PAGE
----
Steve Holdoway's blog
There can often be a problem when developers release their code to a production site. At the point that a competent developer releases code, you can be pretty sure that it functions as required. However, there can be problems with scaling - what works across a LAN in the office with a small amount of code may start to cough and splutter a bit once the Internet is interposed, and log tables that are never maintained can grow, and grow, and grow.
However, this post isn't about that, it's about when a developer sets up the production server itself. Here's a wee tale...
I got a call from one of my customers the other day, complaining that site y's pages were being indexed under site x, and they (understandably!) wanted it fixing.
It took a bit of working out as to what is happening, but this is what I found out...
Are you? I certainly am.
Here's some of my experiences in getting the best out of linux servers in a high performance web environment. My current experiences are in providing Magento and WordPress servers, and are based on more decades of technical experience than I care to remember. I am a firm believer in the KISS ( Keep It Simple, Stupid ) principle, bear this in mind with some of my suggestions: they're usually taken so overall performance can be understood more simply, and not to provoke a Holy War!
One of the services that we offer is to provide a server audit, usually arising from a reduction in performance, mail blacklisting... that sort of thing. This usually leads to a security upgrade, server cleanup and general tuneup.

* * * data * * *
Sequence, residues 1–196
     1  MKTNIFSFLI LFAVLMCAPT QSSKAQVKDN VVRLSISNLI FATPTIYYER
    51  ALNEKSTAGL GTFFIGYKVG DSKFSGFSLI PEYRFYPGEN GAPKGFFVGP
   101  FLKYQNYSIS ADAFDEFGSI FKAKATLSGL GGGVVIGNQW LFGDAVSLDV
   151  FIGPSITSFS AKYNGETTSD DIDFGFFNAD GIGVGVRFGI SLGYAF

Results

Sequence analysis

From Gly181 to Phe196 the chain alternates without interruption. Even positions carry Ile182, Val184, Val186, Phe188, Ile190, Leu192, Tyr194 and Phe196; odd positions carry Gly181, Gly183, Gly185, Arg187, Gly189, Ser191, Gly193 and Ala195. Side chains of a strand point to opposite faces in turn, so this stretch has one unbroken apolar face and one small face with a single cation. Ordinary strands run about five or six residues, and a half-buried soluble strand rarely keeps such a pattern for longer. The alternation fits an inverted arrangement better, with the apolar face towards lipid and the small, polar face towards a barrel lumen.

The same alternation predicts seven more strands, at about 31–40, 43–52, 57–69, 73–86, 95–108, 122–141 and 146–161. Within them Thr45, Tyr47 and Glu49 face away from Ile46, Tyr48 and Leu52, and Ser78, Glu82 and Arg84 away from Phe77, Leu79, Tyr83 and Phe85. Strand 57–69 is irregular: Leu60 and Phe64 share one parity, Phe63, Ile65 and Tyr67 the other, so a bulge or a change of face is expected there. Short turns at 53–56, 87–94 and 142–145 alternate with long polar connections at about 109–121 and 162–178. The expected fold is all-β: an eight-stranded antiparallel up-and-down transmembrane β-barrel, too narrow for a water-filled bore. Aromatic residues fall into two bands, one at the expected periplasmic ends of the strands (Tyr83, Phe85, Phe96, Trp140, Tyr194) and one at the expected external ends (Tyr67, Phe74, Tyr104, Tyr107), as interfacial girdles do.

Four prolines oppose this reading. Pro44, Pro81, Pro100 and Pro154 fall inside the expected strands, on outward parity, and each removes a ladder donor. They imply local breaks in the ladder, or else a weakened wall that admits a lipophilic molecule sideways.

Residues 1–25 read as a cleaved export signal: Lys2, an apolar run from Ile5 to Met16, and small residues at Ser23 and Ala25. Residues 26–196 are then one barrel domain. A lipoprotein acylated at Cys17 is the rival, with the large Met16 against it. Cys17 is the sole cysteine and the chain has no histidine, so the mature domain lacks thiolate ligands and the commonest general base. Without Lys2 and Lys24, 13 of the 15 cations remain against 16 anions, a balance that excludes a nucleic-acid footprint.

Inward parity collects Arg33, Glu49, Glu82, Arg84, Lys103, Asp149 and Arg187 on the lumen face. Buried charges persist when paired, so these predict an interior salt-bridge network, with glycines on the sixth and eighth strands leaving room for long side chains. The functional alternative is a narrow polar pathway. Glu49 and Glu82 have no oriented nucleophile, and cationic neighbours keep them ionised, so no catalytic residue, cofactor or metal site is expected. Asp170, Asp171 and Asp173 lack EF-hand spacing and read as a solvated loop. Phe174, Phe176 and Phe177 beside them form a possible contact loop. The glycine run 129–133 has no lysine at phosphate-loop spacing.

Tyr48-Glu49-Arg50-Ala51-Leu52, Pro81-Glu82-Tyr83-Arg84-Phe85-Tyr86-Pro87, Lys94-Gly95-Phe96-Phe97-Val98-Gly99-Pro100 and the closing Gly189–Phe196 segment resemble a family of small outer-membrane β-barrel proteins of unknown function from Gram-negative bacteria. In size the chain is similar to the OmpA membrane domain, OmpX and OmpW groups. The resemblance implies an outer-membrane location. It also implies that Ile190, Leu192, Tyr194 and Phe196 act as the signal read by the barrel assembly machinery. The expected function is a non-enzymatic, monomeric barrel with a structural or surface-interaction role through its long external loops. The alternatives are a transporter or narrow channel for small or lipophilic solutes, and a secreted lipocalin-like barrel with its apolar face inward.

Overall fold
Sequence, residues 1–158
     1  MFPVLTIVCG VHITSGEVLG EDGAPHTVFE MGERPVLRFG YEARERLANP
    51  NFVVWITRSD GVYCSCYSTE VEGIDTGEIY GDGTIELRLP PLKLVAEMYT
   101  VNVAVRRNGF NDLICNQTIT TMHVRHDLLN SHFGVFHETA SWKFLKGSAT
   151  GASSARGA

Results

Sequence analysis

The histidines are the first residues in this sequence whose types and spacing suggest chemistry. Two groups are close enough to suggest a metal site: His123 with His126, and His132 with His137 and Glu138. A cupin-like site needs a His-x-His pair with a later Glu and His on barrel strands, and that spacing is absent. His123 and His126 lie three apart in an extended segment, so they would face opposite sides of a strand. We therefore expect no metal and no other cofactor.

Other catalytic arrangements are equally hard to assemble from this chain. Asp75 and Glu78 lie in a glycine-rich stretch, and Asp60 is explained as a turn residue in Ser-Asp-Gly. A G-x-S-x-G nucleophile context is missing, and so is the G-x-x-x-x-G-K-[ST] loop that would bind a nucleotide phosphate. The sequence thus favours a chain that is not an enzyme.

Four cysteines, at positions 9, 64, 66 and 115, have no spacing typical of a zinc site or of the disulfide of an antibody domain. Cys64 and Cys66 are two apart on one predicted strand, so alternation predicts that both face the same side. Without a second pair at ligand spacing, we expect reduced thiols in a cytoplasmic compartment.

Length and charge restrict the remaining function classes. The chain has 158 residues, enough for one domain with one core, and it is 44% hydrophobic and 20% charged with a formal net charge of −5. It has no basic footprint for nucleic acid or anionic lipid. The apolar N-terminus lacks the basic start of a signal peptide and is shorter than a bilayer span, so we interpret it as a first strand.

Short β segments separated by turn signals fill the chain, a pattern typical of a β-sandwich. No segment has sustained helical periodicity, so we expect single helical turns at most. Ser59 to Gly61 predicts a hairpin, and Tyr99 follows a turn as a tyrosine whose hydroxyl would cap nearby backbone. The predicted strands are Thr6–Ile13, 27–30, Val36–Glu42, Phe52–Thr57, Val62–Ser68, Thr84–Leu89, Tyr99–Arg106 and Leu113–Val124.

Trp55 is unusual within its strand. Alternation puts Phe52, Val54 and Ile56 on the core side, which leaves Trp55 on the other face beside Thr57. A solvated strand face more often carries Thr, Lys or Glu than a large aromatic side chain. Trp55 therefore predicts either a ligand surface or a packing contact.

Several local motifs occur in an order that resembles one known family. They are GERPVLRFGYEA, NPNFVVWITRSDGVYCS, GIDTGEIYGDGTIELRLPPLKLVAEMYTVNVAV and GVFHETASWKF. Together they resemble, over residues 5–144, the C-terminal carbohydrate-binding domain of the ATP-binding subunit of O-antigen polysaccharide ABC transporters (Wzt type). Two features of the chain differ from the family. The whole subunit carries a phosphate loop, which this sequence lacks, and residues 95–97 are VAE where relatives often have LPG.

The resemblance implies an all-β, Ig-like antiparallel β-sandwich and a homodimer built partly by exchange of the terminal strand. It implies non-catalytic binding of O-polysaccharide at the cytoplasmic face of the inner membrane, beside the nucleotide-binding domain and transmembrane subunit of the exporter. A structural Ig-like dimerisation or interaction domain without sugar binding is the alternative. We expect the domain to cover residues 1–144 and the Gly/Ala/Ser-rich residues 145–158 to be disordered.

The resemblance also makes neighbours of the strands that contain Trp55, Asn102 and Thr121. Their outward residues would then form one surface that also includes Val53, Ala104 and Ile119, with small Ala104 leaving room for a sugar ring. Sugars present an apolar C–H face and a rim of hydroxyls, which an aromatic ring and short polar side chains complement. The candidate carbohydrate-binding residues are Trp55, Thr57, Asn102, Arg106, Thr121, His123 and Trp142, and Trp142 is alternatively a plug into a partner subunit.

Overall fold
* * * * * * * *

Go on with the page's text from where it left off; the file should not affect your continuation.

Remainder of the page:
As you well know, there's no such thing as a happy sysadmin, but there are some things that you can do that will make them even grumpier than usual. A big fat juicy email promotion has the potential to do just that. Here's a couple of suggestions on how to make them run far smoother, based on a couple of recent bad experiences.
A fair proportion of my work these days is to take over the management of pre-existing Magento sites, migrating them to a new Amazon host along the way. It's often the case that you'll need to migrate the DNS NameServers over as well. I've got this in my mindset as a trivial job, an you just put up with a bit of tedious cutting and pasting between GUIs to get the job done.
I've just been asked to troubleshoot a web server that had just started locking up for no apparent reason. Obviously the first thought was that it had been hacked ( some of the sites had, but no big deal - they got fixed on the fly ), so I logged in to have a look. Well, 30 minutes later I logged in, because that's how long it took to complete the process. It was a case of type some stuff and come back 10 minutes later.
I get loads of grief from devs who are absolutely certain that their life is going to end if they don't have phpMyAdmin installed on their production server. Me - I just see it as a walking security disaster just waiting to to be used. I have no problems installing it in a development environment, but no way will I publish it on the internet for all to see. Maybe to a static IP address or two, or even better, over a VPN connection only, but that's where it ends.
A week or so ago, one of the Magento sites that I administer started spewing out offers for wonderful Gucci handbags, and similar products. Obviously all fingers were pointed at me as the one not looking after the site properly. Now, I always admit that there is some level of irresponsibility involved in allowing anyone at all ftp access to a production site, so I had a real good look to identify the culprit.